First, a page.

2. it's not everyone's responsibility to pay for the consequences of the decisions of poor people (i.e. the results of their procreation).again, you are right.

    3. it is impossible to have a population with a vacuum where there isn't five people out of 100 living as the poorest five percent of the population. you may be right.

    4. people who are incapable of determining that they are too poor to have more children are incapable of improving the mental acuity of their children with food stamps.children should not have to pay for the sins of their father.[/quote] does our society have a chance? i am almost to the point of saying, no.
  8. by   rngreenhorn
    That's a start. Now, if they could work on repealing the prescription drug benefit. And figuring out how in the heck we are going to fund the social security and medicare gap. And getting rid of earmarks, and stop spending our money like it is monopoly money. Then president Bush and our "conservative" leaders would be heading in the direction that some of us voted for.
  9. by   Simplepleasures
    I have a theory, Bush is really a closet democrat, fooled all the repubs into voting for him, then did what he wanted to do all along.Yeah all those old folks dont deserve to get their meds, who cares about them anyway, they just waste the air they breath.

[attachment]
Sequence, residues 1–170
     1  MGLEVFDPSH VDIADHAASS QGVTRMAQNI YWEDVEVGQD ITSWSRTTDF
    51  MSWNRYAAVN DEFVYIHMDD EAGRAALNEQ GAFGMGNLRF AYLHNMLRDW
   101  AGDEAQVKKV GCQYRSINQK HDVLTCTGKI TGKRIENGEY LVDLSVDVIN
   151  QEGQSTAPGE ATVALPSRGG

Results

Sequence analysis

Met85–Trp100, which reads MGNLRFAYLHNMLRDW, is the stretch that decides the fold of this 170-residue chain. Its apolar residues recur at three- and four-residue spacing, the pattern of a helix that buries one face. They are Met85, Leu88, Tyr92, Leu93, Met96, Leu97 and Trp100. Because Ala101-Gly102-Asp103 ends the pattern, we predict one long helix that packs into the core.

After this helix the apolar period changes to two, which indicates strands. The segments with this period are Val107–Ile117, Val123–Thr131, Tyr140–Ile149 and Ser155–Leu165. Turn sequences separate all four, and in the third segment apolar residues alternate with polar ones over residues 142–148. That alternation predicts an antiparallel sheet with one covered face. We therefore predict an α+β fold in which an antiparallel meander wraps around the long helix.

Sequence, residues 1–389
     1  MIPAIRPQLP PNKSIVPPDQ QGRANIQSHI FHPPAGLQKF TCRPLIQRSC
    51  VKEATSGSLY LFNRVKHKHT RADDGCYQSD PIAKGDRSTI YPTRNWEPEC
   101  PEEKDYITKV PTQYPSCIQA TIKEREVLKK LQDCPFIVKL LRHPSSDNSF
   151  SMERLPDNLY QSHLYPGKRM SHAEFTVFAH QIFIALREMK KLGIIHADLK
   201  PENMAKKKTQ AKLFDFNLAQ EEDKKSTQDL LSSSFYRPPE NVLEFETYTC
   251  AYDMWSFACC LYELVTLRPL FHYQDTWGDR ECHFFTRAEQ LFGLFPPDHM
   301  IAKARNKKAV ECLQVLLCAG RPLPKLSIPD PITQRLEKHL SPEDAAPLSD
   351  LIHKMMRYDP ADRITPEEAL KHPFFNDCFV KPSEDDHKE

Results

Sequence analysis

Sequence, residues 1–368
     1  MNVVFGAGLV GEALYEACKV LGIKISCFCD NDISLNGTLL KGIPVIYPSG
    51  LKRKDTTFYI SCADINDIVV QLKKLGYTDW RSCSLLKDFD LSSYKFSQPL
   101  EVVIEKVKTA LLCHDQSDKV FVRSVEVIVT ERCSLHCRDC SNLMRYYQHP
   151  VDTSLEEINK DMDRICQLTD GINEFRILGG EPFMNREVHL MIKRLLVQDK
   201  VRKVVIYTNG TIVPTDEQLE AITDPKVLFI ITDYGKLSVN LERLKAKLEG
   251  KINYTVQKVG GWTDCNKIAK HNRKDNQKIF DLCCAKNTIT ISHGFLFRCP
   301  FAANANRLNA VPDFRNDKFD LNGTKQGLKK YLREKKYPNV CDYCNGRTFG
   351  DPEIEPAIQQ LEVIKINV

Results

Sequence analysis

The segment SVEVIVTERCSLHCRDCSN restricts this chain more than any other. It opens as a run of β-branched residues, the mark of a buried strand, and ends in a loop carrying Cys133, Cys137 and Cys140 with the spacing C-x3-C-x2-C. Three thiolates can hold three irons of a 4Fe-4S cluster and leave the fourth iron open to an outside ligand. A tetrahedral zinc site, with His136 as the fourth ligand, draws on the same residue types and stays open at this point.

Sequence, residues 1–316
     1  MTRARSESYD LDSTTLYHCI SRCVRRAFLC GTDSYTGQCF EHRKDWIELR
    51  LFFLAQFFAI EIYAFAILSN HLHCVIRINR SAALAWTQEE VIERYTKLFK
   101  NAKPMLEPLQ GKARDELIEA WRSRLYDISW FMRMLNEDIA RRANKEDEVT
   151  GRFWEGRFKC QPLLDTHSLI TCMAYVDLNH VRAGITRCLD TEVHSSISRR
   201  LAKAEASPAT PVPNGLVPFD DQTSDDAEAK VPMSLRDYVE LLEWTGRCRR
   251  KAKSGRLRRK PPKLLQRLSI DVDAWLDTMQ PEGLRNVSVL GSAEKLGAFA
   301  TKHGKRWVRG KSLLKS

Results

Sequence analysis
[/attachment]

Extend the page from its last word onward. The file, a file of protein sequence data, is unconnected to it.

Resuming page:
10. by   rngreenhorn
    Why not work on making drugs cheaper? Rather than expecting every one else to pay for them? What is wrong with expecting the citizens of this country to take responsibility for themselves?
  11. by   Shamira Aizza
    [quote=ingelein;2109539]
    Quote from shamira aizza
    the conclusion that some people don't give a damn is as flawed as the preferred widespread implementation of socialism suggested by folks who apparently ignore the consequences of such programs.

    1. it's not everyone's fault that some people are poor.you are right.

    2. it's not everyone's responsibility to pay for the consequences of the decisions of poor people (i.e. the results of their procreation).again, you are right.

    3. it is impossible to have a population with a vacuum where there isn't five people out of 100 living as the poorest five percent of the population. you may be right.

    4. people who are incapable of determining that they are too poor to have more children are incapable of improving the mental acuity of their children with food stamps.children should not have to pay for the sins of their father.[/quote] does our society have a chance? i am almost to the point of saying, no.
    regarding number 3...it's impossible for me to be wrong on that issue; math is not an opinion.

    regarding number 4, can you explain why you or i should have to pay for the sins of the father instead of his own children? if i'm end up paying the way or paying for his sins, then can you explain why i should be excluded from imposing my will on his decisions? what you are saying is that he should not have to suffer from his own bad decisions, and i should not expect to benefit from my own good decisions...which in no way inconvenienced anyone else.